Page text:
Most web development agencies take on projects with the front end of a website as their primary focus. Though the front end is important, developers often overlook the importance of creating a user-friendly back end. When developers create CMSes for their clients it's common for them to build an interface that might make sense from a coder’s perspective, but that's too complicated and technical for the everyday user. Vector understands how detrimental creating CMSes that are not user-friendly can be. We focus on crafting CMSes that offer a seamless experience for authors and that don’t interrupt user workflow. Internally, we call this “Author Experience” (AX). We use strategies that help us ensure the CMSes we build are easy to use and understand.
For the authors who use CMSes to upload content, interacting with the CMS is a huge part of their day-to-day lives. If this interaction is frustrating, too complex, or wastes time, users become dissatisfied and can even begin to view their work negatively. Creating CMSes that allow authors to do their job efficiently is an integral and important part of the job of the developer.
Designing an easy-to-use CMS is a process that's essential to start at the very beginning of a development project. We work with clients to understand who will be using their CMS and what they will be using it for, and we solicit their input and advice to ensure the end result meets their needs. Eventually, the CMS we create will become the client’s, so we allow them to help create their own experience. By working with clients during the development process we stop problems before they start. Solving CMS usability issues during the development process is much easier than solving them once the project has been completed, when fixing them would become expensive, time consuming, and inefficient.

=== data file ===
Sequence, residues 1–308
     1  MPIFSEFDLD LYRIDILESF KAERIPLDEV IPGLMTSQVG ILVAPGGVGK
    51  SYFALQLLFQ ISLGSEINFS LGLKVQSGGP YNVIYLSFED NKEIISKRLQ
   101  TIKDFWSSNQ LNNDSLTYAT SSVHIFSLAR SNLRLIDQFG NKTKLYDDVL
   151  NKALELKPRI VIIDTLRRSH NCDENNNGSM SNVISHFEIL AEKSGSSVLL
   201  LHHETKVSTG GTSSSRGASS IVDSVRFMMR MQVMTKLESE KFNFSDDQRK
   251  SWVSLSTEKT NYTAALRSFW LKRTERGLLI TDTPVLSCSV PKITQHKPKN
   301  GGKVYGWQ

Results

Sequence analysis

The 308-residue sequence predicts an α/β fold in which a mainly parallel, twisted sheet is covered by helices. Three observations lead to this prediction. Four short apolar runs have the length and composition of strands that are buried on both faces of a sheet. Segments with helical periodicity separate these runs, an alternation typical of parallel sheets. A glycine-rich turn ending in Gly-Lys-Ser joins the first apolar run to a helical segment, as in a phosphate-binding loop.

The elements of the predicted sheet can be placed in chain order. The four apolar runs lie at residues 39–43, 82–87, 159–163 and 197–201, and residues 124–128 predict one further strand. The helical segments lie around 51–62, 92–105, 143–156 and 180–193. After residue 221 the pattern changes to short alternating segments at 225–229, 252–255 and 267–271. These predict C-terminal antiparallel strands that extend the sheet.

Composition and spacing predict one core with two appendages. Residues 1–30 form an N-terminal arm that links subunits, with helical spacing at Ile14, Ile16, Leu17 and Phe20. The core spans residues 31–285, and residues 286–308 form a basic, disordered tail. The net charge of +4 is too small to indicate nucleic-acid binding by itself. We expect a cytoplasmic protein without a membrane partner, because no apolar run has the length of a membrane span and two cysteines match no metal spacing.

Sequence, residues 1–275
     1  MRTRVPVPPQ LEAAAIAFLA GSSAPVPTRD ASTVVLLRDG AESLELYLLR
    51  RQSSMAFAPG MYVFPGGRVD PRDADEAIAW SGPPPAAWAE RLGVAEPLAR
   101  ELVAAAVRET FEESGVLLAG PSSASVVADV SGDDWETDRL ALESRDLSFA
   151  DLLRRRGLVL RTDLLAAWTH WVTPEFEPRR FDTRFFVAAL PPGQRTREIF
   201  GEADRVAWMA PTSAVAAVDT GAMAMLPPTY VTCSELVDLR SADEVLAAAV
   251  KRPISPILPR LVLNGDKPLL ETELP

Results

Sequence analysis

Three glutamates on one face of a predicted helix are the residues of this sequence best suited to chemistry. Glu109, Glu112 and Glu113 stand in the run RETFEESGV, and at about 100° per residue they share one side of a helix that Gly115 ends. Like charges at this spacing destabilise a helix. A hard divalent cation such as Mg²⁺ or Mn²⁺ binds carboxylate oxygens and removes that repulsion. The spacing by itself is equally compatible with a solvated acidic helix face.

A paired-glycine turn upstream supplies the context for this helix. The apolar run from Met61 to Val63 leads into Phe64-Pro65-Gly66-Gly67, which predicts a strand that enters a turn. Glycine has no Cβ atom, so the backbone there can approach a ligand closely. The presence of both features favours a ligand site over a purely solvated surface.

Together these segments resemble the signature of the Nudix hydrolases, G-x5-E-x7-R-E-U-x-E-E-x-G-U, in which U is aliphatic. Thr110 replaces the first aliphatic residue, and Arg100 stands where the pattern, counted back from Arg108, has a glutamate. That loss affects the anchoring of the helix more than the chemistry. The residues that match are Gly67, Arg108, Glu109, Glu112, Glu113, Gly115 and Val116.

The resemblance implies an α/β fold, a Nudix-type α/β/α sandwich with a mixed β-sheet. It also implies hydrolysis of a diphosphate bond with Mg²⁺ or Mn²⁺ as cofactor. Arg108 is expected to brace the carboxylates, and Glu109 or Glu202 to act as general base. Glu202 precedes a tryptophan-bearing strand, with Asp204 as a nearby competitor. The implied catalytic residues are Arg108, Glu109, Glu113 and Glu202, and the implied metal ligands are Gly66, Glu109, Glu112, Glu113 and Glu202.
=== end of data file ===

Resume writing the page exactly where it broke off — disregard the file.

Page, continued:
Another tool we use when building effective CMSes is Parse.ly, which allows authors to see their readers in real time. We know authors want access to audience data, and Parse.ly’s efficient API allows us to integrate that data in way that provides a great author experience.
Our focus on creating CMSes that authors, editors, and administrators will easily understand and actually enjoy using can be seen in all of our work with our clients. Our work with Associated Press was an example of how our attention to who would be using their CMS shaped how the interface we created functioned. AP's a large client with multiple sites and numerous users, so any inefficiencies would cause tremendous frustration and waste many people's time.
The most important thing to keep in mind when creating CMSes that are optimized for user experience is to focus on the human element. CMSes should include instructions that are descriptive, clear, and written in an accessible way. It’s easy for developers to write code in a way that’s practical for coders but not for users, and then try to train users around it. In the long run however, it's not efficient to take the easy way out. It's more important to try to eliminate the frustration and dissatisfaction that stems from creating a system that's tedious to learn and difficult to figure out. We know from experience: the way the dashboard looks and functions is just as important as the code behind it!
(Want our help creating a usable and efficient CMS for you or your company? Click here to contact us today!)